start to pay attention to three deeply significant qualities in the
other person. These are the status, motive, and competence of the

Competence issues relate to the actual work. It's useful to make
explicit the similar and different skill sets that people bring to
the partnership, and where problems might emerge as a function of
that. A successful partnership is based on the belief and
experience that we can work together in a positive interdependence.

Motive issues relate to whether I experience the “other” as
trustworthy, and whether I trust their underlying motives for
entering the partnership. Here, the ability of transparency comes
into play for there must be a certain degree of self-disclosure to
engage in mutual exploration built on integrity and authenticity.

Each person must answer the question “Will I be able to trust this
person as we work together?” Other useful questions at the
beginning of the exploration are “What is my/your biggest fear
about this new venture? What is the worst thing that could happen?
What compromises are you willing to make to ensure that it does
not occur?”

The third concern that potential partners hold is that of status,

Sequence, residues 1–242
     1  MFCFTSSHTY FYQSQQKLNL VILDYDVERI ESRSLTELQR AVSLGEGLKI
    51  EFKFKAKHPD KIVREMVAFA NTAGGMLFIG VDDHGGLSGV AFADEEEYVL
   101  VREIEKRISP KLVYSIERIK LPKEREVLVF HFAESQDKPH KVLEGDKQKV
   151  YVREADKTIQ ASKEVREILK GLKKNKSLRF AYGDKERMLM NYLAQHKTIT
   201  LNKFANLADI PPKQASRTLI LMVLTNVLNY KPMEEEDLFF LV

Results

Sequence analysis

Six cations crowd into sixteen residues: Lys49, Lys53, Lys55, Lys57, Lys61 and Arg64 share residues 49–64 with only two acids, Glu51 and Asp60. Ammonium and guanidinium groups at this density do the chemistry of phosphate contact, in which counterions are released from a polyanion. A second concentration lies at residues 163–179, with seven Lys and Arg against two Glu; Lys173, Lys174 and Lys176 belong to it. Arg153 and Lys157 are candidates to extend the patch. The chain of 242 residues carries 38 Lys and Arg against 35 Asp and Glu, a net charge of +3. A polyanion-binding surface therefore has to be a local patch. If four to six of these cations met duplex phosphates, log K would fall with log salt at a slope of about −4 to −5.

which reflects the balance of power and control that each person
experiences in relation to the other. The core ability of
influence is pivotal here, for each partner must feel that they
have the ability to influence the other, and at the same time, be
willing to be influenced.

Without self-awareness, the ability to consciously develop the
relationship is limited. Similarly, self-disclosure on such deeply
held inner experiences as status, motive and competence becomes
easier and richer to the degree that one is able look at oneself

If you're entering, or considering a new partnership, spend some
time thinking about these issues. While you don't need to put
“motive, status, and competence” on your agenda, find a structure
for the conversation that allows you both to explore these issues.
Your partnership will only be the richer and more likely to succeed
for the intention you put into it.


1. For a free list of questions that potential partners can ponder,
send an email to with “Partner Questions” in
the subject line.

2. Assessments are a great way to get data and insight into the
strengths you have that you can maximize and at the same time,
learn how to manage your weaknesses so they don't get in your way.
To learn about how our assessments can help you, click here

3. To learn more about executive leadership coaching and how it can
help you get even better results, visit

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(c) Copyright 2003. Manya Arond-ThomasBusiness Management Articles, all rights reserved.

Source: Free Articles from


Manya Arond-Thomas, M.D., is the founder of Manya
Arond-Thomas & Company, a coaching and consulting
firm that catalyzes the creation of “right
results” through facilitating executive
development, high-performance teams and
organizational effectiveness. She can be reached
at (734) 480-1932 or e-mailed at